They were turning the corner as the Neurogenics building came in to sight. Curtis was feeling short of breath himself after the four-block walk up the hill. It was hard for him to imagine that he used to be a runner. But then he looked at Raymond who was sweating profusely, as if he were toying with a myocardial infarction.

As they approached the side entrance to the building, Raymond stopped walking again to catch his breath. He pulled a handkerchief from his pocket and wiped his brow, now dotted with drops of a cool perspiration. “Remember, we used numbers and supercomputers. We created a ‘prior authorization’ process that gave the appearance of coverage but would never allow to occur. Maybe, for PR sake—and if the treatment wasn’t exorbitantly costly—we would allow one or two to go through just to prove that we indeed covered it. But, to keep most out, our ‘prior auth’ process had flaws and complexities… by design.” Raymond winked. “The failures were intentional. Do you get it?”

Curtis, shaking his head, said, “Actually, no. I don’t get it.”

Raymond continued, “Our computer models showed us that, if we had a limited number of personnel processing those prior authorizations, we wouldn’t only save money on salaries but save much more through intended errors by overwhelmed staff. We would increase the paperwork burden on the providers, be they hospitals or individual medical providers. They would finally give up or go broke. It was our fantasy that every doctor, every medical provider in the country, would go bankrupt. Without medical providers, there could be no medical care provided… and therefore nothing for us to pay for. But that was just a fantasy. Our frontline staff were so overwhelmed that they would usually quit after a year, creating more shortages in our favor and more new replacements who had no clue what they were doing. I know this sounds sinister, but this tipping point was well-calculated. We had no financial incentive to streamline the process… none whatsoever.”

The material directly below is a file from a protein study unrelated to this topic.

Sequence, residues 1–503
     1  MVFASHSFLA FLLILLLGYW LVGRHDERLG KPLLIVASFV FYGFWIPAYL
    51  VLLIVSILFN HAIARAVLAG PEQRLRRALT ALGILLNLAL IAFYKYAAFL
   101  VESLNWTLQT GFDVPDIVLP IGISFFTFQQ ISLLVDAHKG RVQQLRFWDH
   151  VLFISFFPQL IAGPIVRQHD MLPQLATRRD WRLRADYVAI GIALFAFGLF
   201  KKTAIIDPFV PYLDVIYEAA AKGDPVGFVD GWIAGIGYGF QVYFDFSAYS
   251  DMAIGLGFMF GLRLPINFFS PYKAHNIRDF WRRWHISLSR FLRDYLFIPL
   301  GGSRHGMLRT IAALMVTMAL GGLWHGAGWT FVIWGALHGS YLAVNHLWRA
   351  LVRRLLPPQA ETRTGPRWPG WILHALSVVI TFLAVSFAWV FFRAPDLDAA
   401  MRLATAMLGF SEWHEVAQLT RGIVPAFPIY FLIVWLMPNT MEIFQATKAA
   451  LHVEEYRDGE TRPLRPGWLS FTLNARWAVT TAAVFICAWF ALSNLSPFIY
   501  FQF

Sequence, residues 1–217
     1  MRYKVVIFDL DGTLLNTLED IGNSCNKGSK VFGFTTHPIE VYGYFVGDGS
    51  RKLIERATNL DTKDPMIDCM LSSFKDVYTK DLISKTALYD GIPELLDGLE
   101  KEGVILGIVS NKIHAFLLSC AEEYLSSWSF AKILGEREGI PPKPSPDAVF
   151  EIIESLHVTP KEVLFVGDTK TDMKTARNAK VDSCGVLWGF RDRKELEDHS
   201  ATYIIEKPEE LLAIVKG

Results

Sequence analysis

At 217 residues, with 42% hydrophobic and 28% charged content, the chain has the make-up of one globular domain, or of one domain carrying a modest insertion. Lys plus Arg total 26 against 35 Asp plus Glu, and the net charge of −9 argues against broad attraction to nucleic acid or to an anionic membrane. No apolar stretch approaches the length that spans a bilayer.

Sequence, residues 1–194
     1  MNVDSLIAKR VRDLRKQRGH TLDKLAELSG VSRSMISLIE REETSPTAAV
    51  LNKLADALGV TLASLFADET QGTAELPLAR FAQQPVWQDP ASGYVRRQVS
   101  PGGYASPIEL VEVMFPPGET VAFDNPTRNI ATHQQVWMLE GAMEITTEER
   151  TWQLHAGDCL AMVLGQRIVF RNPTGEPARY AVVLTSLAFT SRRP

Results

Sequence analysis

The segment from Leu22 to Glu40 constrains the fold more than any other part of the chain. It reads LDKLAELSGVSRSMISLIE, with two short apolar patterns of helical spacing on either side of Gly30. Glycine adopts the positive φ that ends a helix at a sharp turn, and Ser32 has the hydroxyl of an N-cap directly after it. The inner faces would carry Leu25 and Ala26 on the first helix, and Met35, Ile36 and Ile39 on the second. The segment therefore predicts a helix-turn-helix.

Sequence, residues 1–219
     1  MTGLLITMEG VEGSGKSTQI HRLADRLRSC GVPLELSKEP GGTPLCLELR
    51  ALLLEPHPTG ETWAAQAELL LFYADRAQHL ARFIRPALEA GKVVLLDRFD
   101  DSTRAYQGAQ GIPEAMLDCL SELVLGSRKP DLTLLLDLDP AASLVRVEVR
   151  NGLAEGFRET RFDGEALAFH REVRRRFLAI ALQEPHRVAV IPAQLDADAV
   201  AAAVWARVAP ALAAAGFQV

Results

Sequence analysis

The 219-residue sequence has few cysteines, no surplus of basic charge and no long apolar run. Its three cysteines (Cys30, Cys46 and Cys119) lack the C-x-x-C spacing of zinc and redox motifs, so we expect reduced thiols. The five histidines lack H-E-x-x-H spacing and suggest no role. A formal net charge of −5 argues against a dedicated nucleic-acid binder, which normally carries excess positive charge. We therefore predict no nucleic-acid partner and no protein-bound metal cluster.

They walked through the door into the first-floor hallway of the Neurogenics building, not far from Curtis’s office, which was one floor below. Curtis looked both ways and saw quite a few people passing by, some he knew and greeted, a couple he didn’t know. Fortunately, no one interrupted them with some new crisis that Curtis was supposed to immediately fix. Then he said to Raymond, “Hey, would you mind coming down to my office for just a minute? I‘d rather talk in private.”

Raymond looked at his watch. “Okay, for a minute. I do want to finish this discussion, but I also need to get up to my office as I have a conference call with the state of Washington at ten.”

They took the stairs down one flight and turned down the basement hall. Curtis unlocked his office door, and they walked in. Raymond, being a man of order, seemed astounded at the bedlam of the place. “Uh, Curtis… where do I sit?”

Curtis took a new box of mail off the sofa, pointed, and said, “Here.”

Raymond took out his handkerchief freshly damp from his brow’s sweat and dusted off the couch. He moved with an awkward stiffness, like he was afraid to touch anything. Then he laid the handkerchief down and sat on it. His heavy weight caused the cushion beneath him to compress so much that the tower of US Post Office boxes next to him on the couch toppled over into the floor. Curtis said hastily, “Just leave them.”

Raymond sat up straight, so his back would have no contact with the back cushion, as if it had unknown microbes on it. He looked up at Curtis, who was sitting three feet away from him at his desk. The big man continued, “So, our models showed us how to incorporate interferences into the prior authorization process. I will be more specific.” Raymond took a deep breath and gathered his thoughts once more. “With limited personnel available on our side, the provider’s office would call and be on hold for ten minutes, thirty minutes, or even an hour. The poor suckers in our prior authorization office had no clue they were pawns in a very sophisticated game built on well-thought-out algorithms. This game had been well-orchestrated and rehearsed thousands of times within our computer models. We knew exactly how many personnel to have. We also knew exactly how many minutes they would stay on hold and repetitive attempts an office would make before they gave up.”